The first water systems at the lake comprised the collection and distribution of spring water. High ground spring water would be collected in a holding tank, and gravity would provide the pressure. These systems were such a nice improvement that both Kalez Park and Dreamwood Bay Resort included the feature in their advertising. When west side lots on Wicomico Beach were marketed in 1908, The Spokesman-Review read:

West of the south end of the tract is a ravine in which are three large and ever-flowing springs. A concrete dam and reservoir are being installed to impound these waters and thus provide an ample supply of pure spring water under pressure, which is piped to every lot for domestic use and for spraying lawns, etc.

Prior to 1910, it was discovered that this supply was not adequate for all purposes, and a lake water system was introduced, the water being supplied by pumps. After this was installed, the spring water system was used for only drinking and cooking purposes. 
Well water eventually became the primary source for domestic water at the lake. The two original water utilities were Liberty Lake Utilities and the Eastside Liberty Lake Water Improvement Club, the latter of which is still operating today. Liberty Lake Utilities also operated and expanded a sewer system, which was originally built by the Wicomico Beach developer. 

Other than the west side of the lake, as the community grew, sewage was handled by residential septic systems. In 1973, the community voted to form the Liberty Lake Sewer and Water District with a majority of those non-sewered residences converted to sewer by the late '70s.

The building of the railway spur line into the lake in 1907 brought with it the bonus of electrical power. Prior to that, candles were used along with kerosene lanterns for light and mostly wood and kerosene stoves for heat.  However, it took several years for power lines to access the far reaches of the lake.  Electricity had not reached the Hotel Zephyr on the southeast corner of the lake until 1913, when its owners installed a lighting system powered by acetylene (a fuel used in welding and soldering), replacing the original system using kerosene.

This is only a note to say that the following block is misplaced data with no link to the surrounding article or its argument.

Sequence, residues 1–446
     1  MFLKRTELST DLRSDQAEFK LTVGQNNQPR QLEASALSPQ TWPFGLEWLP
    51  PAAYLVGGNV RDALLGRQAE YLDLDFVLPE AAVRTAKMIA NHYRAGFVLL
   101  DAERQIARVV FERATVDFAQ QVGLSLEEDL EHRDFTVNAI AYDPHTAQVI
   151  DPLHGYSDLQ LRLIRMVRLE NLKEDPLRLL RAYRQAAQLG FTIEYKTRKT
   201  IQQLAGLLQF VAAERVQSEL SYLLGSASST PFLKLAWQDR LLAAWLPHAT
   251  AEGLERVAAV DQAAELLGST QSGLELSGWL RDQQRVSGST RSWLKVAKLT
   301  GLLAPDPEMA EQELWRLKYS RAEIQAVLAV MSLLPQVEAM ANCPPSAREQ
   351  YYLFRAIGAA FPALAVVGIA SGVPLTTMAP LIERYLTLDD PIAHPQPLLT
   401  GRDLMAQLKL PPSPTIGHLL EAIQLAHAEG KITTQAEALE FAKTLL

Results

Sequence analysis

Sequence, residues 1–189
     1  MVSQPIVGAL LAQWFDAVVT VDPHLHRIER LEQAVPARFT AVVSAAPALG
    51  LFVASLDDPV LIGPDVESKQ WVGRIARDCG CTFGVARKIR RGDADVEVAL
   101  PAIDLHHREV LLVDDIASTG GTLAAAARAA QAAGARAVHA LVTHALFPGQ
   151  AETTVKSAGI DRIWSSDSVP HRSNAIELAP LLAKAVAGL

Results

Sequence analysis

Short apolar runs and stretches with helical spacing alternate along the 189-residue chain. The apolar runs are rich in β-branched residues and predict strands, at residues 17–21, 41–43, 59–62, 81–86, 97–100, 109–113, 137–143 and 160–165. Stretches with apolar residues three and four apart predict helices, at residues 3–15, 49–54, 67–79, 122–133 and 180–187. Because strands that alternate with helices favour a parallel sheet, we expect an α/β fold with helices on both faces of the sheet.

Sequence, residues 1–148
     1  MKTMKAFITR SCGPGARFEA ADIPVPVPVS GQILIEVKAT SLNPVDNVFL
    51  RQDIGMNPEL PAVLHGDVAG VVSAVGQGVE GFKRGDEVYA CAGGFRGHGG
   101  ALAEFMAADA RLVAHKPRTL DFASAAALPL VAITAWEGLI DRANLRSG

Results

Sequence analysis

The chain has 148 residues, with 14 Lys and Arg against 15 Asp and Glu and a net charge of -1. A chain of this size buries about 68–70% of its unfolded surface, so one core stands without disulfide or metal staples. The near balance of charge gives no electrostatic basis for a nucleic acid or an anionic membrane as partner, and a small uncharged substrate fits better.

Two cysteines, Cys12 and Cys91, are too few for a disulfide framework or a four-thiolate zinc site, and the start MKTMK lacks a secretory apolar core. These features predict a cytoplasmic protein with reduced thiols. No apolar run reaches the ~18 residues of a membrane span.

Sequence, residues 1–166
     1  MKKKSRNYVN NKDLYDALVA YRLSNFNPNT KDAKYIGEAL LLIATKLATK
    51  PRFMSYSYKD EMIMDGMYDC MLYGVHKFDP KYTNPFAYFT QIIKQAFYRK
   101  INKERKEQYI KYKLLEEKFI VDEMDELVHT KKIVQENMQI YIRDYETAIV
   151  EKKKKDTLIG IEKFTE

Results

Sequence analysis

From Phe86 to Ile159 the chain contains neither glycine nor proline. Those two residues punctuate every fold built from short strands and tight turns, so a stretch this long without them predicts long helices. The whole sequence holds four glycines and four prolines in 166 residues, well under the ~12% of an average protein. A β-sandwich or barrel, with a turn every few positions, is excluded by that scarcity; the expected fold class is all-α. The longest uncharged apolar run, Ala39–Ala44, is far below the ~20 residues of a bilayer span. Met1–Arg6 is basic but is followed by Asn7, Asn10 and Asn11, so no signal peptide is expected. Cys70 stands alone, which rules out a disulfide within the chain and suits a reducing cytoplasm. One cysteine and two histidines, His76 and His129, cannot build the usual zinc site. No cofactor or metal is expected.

Garbage was originally burned or hauled to the landfill by the individual. There was more than one dump in close proximity to the lake residents. Weekly garbage pick-up, which was done by Valley Garbage, did not begin until the mid-1900s.

The energy spent by the early settlers on day-to-day tasks was considerable. And when we take into account the efforts they made to improve their situation, much to our benefit, we probably appreciate our utilities a little more.

Did you know?
• Some farms in Saltese, Liberty Lake's neighbor to the west, did not have electrical power until the late 1930s.
• Prior to Pierre Salinger becoming press secretary to President Kennedy, the Harper Joy Cabin at Liberty Lake did not have a telephone. But one was installed so Salinger, Harper Joy's son-in-law, could perform his job while here on vacation.
• Water serving a substantial number of Liberty Lake homes comes from wells - originally dug in the '50s and '60s to water Kentucky Bluegrass fields - that have been upgraded for domestic water use.
• The last known (at least to this author) outhouse-only residence at Liberty Lake was abandoned in 1984. It was a double-seater complete with a Sears Catalogue, and it had a light.


Ross Schneidmiller is president of the Liberty Lake Historical Society and a lifelong resident of the community.